Last Updated: November 29, 2011
This article appeared in the November 2011 Rural Policy Matters.
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A federal district court judge has ruled against plaintiffs from Lawrence and Sumter Counties, Alabama who claimed that black schoolchildren in the state are disproportionately affected by the state’s tax code and that it is a vestige of institutionalized discrimination. During the bench trial held earlier this year, attorneys for the plaintiffs presented historical evidence about the racially motivated tax laws found in the 1901 Alabama State Constitution along with testimony related to more recent tax code amendments enacted in the past 40 years.
Plaintiffs in Lynch v. Alabama also claimed that there are clear racial patterns in the damaging effects of low revenue for education on children living in the Black Belt region of the state where most property is classified as “unimproved” farm and timber land and taxed at very low rates.
Representative students and taxpayers asked the court to halt use of the challenged parts of the tax code for one year until new laws could be written by the Legislature. (For more background, see coverage of the trial in the May issue of RSFN, here and here.)
Plaintiffs were seeking relief in federal court for several reasons. Alabama, like many states, had been sued in state court over its school funding system, but in a notable 2002 judicial event, the Alabama Supreme Court halted the most recent finance lawsuit that was in the remedy phase at that time. The court dismissed the case and prohibited future litigation on school funding. (For a summary of these previous state court cases, see the ACCESS Network website, which maintains summaries of school finance litigation in all states.
The Lynch plaintiffs were also seeking enforcement of a holding in another federal court case, Knight and Sims v. Alabama, a desegregation case involving the state’s higher education system. Lynch argued for enforcement of holdings by the Alabama Supreme Court in the 2004 Knight decision that stated the tax policies were adopted for segregative purposes and with discriminatory intent. Although the Alabama high court refused to grant the relief requested — striking down those constitutional provisions — the finding that they were racially discriminatory still stands.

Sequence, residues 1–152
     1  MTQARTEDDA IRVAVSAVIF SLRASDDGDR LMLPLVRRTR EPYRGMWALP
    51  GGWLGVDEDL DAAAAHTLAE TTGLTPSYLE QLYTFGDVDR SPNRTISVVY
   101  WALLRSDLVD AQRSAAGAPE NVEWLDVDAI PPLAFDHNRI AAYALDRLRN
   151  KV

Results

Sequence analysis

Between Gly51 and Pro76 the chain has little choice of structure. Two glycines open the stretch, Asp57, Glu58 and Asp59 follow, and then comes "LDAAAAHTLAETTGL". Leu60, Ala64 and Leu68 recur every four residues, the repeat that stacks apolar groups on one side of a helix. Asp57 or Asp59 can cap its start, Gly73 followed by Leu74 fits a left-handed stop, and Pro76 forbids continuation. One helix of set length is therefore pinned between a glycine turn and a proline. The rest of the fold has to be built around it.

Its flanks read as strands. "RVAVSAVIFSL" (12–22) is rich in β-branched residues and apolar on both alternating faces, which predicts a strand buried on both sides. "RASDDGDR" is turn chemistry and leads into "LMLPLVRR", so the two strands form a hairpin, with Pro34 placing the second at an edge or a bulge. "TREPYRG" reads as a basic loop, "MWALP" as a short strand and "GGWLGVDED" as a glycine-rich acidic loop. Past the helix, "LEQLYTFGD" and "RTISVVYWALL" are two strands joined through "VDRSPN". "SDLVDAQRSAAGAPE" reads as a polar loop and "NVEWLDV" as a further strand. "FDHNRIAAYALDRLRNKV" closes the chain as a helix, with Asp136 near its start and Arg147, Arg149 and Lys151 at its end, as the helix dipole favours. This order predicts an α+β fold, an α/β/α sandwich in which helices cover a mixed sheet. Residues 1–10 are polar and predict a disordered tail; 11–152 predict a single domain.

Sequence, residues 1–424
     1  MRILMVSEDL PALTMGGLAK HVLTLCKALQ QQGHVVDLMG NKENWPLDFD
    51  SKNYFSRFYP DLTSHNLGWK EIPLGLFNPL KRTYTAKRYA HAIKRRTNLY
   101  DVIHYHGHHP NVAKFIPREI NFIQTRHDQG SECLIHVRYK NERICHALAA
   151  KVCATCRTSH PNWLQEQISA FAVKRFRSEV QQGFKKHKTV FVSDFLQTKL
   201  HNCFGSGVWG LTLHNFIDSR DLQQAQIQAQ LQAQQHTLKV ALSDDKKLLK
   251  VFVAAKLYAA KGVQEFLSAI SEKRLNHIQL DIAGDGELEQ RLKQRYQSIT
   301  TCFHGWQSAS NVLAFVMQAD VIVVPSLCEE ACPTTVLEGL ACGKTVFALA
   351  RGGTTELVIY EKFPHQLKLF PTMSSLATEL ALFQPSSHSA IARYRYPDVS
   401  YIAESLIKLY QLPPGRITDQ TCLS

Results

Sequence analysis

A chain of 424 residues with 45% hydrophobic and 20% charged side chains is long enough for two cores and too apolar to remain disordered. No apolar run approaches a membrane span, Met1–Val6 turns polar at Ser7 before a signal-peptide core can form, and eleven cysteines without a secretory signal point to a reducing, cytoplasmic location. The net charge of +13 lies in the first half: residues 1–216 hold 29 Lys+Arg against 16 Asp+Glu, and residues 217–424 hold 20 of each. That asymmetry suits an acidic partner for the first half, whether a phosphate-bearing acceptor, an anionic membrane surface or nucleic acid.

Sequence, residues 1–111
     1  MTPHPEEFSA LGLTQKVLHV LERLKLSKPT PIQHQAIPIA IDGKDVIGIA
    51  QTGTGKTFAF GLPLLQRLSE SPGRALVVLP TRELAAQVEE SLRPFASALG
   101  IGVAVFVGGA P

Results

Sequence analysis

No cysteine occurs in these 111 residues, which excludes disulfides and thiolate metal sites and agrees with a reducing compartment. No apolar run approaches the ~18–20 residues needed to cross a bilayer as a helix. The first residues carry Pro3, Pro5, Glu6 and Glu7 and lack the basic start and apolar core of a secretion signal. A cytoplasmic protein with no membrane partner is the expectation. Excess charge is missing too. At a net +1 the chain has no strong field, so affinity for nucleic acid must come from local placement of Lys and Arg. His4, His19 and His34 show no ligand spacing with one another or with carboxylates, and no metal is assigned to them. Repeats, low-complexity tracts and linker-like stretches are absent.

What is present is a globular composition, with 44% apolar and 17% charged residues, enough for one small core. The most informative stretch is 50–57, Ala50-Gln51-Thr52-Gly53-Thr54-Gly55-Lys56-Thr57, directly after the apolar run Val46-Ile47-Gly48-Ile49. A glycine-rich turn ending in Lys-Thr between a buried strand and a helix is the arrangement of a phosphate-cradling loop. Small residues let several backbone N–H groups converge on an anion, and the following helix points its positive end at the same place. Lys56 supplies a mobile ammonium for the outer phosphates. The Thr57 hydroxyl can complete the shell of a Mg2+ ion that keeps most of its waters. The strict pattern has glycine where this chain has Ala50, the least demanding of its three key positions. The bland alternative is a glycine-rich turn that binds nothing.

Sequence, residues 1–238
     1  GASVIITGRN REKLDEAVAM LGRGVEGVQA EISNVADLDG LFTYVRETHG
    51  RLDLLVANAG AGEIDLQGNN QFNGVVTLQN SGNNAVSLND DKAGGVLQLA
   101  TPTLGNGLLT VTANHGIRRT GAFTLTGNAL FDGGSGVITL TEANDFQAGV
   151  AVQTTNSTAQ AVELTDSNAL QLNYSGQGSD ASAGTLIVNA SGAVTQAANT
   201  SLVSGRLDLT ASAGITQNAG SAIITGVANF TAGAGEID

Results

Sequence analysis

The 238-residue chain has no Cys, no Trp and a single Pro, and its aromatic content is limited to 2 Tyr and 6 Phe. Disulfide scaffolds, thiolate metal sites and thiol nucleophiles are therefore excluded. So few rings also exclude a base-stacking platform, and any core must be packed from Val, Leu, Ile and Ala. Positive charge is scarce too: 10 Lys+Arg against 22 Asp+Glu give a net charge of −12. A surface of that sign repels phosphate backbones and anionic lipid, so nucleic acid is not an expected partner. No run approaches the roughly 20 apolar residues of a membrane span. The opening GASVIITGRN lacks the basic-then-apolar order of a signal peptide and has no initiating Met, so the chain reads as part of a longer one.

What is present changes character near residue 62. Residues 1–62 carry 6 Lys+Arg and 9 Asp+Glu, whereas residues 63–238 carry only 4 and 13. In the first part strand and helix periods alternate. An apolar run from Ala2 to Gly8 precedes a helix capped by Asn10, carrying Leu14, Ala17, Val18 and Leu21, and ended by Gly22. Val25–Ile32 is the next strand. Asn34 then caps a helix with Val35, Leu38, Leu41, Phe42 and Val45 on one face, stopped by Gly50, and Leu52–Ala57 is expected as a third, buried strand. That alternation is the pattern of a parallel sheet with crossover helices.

Judge C. Lynwood Smith Jr.'s 854-page decision carefully details the state’s tax code, history of segregation, previous state litigation over the funding system, desegregation litigation, and school finance litigation generally. However, he held that the more recent tax code amendments, commonly referred to as the “lid bill,” were not clearly enacted with racially discriminatory intent and that there was no evidence of racially disparate impact on black Alabama students. Interestingly, the judge pointed out the rural nature of the disparity:
“What the impact measures do show is that Alabama’s rural counties, both those in the Black Belt and those located outside that section of the State, are unable to generate significant local tax revenues to fund public services for their citizens to the same extent as urban counties can (and sometimes do). However, residence in a rural area is not a constitutionally protected suspect class.”
Because the court did not find the race-based issues in the lid bill or its implementation as the plaintiffs had hoped, the tax code was only subject to what is referred to as a ‘rational basis’ review, which means that if there is any rational basis for the governmental action, it will be found constitutional. Judge Smith explained: